5V 2,500mA Step-Down Voltage Regulator by Pololu
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The D24V25Fx family of step-down voltage regulators generates lower output voltages from input voltages as high as 38 V. They are switching regulators (also called switched-mode power supplies (SMPS) or DC-to-DC converters) with typical efficiencies between 85% and 95%, which is much more efficient than linear voltage regulators, especially when the difference between the input and output voltage is large. The available output current is a function of the input voltage and efficiency (see the Typical Efficiency and Output Current section below), but the output current can typically be as high as 2.5 A.
At light loads, the switching frequency automatically changes to maintain high efficiencies. These regulators have a typical quiescent (no load) current draw of less than 1 mA, and the ENABLE pin can be used to put the boards in a low-power state that reduces the quiescent current to approximately 10 µA to 20 µA per volt on VIN.
The modules have built-in reverse-voltage protection, short-circuit protection, a thermal shutdown feature that helps prevent damage from overheating, a soft-start feature that reduces inrush current, and an under-voltage lockout.
The input voltage, VIN, powers the regulator. Voltages between 4.5 V and 38 V can be applied to VIN, but for versions of the regulator that have an output voltage higher than 4.5 V, the effective lower limit of VIN is VOUT plus the regulator’s dropout voltage, which varies approximately linearly with the load (see below for graphs of dropout voltages as a function of the load).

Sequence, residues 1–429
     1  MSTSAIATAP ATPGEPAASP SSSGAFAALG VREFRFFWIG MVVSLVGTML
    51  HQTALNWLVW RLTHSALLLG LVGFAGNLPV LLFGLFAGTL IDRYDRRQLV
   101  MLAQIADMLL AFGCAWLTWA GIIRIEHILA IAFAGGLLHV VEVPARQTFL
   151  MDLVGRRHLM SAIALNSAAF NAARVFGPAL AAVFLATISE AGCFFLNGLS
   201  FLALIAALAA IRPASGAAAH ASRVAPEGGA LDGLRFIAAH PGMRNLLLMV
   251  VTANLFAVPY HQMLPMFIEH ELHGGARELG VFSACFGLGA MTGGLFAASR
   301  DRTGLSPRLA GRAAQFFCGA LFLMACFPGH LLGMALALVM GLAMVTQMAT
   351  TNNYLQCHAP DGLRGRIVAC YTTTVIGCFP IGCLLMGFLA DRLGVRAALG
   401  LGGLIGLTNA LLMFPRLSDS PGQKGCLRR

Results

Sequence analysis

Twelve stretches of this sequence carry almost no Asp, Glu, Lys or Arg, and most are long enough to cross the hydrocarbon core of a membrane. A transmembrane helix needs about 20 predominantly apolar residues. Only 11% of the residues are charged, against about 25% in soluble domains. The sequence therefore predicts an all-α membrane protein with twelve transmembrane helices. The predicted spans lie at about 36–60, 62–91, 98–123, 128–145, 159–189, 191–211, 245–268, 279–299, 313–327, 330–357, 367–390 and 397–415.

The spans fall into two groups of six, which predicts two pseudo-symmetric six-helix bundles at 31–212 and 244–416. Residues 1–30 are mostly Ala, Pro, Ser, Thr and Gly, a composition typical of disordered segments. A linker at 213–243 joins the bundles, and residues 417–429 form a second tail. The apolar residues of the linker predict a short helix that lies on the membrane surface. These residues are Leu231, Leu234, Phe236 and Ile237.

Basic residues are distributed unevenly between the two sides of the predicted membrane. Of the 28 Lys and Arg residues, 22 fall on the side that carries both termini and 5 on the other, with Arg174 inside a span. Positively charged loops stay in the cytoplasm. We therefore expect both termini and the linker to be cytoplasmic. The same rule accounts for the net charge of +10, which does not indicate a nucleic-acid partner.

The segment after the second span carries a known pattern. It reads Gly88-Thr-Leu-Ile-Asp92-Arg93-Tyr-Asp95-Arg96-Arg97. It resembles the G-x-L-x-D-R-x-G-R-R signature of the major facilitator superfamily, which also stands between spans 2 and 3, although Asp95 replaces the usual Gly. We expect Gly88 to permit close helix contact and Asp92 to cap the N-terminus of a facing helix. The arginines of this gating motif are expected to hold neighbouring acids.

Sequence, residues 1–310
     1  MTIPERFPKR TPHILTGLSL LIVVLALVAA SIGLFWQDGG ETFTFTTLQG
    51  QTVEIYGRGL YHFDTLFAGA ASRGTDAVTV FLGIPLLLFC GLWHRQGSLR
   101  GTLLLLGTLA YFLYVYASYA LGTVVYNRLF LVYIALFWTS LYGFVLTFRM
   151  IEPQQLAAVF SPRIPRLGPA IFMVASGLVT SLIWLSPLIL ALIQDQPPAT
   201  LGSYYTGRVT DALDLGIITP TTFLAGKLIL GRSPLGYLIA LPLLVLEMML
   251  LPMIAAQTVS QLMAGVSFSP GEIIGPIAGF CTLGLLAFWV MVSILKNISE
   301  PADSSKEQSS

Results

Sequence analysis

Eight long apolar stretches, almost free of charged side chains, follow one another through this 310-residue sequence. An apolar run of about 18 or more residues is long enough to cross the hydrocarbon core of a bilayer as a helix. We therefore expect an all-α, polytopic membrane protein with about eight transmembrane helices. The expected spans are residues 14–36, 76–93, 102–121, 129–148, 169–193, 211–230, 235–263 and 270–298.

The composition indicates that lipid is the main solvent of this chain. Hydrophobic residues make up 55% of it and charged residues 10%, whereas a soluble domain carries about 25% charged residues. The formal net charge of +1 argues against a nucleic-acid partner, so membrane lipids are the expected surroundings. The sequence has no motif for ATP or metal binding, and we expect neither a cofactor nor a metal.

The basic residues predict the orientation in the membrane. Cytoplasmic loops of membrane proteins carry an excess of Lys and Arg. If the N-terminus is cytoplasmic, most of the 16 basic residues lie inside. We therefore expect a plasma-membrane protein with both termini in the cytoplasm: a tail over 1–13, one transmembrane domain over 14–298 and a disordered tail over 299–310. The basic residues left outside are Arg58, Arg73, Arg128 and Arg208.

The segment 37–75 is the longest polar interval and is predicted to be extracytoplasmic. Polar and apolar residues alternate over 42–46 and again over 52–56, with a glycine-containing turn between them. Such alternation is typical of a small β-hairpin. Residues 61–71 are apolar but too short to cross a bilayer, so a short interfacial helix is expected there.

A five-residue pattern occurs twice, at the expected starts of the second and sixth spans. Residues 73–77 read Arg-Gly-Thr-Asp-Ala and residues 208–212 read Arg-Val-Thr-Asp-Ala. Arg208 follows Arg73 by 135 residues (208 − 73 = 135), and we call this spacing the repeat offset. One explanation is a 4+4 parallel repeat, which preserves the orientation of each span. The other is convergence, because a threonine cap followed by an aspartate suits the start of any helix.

The output voltage, VOUT, is fixed and depends on the regulator version: the D24V25F3 version outputs 3.3 V, the D24V25F5 version outputs 5 V, the D24V25F6 version outputs 6 V, the D24V25F7 version outputs 7.5 V, and the D24V5F9 version outputs 9 V.
The regulator is enabled by default: a 100 kΩ pull-up resistor on the board connects the ENABLE pin to reverse-protected VIN. The ENABLE pin can be driven low (under 0.6 V) to put the board into a low-power state. The quiescent current draw in this sleep mode is dominated by the current in the pull-up resistor from ENABLE to VIN and by the reverse-voltage protection circuit, which will draw between 10 µA and 20 µA per volt on VIN when ENABLE is held low. If you do not need this feature, you should leave the ENABLE pin disconnected.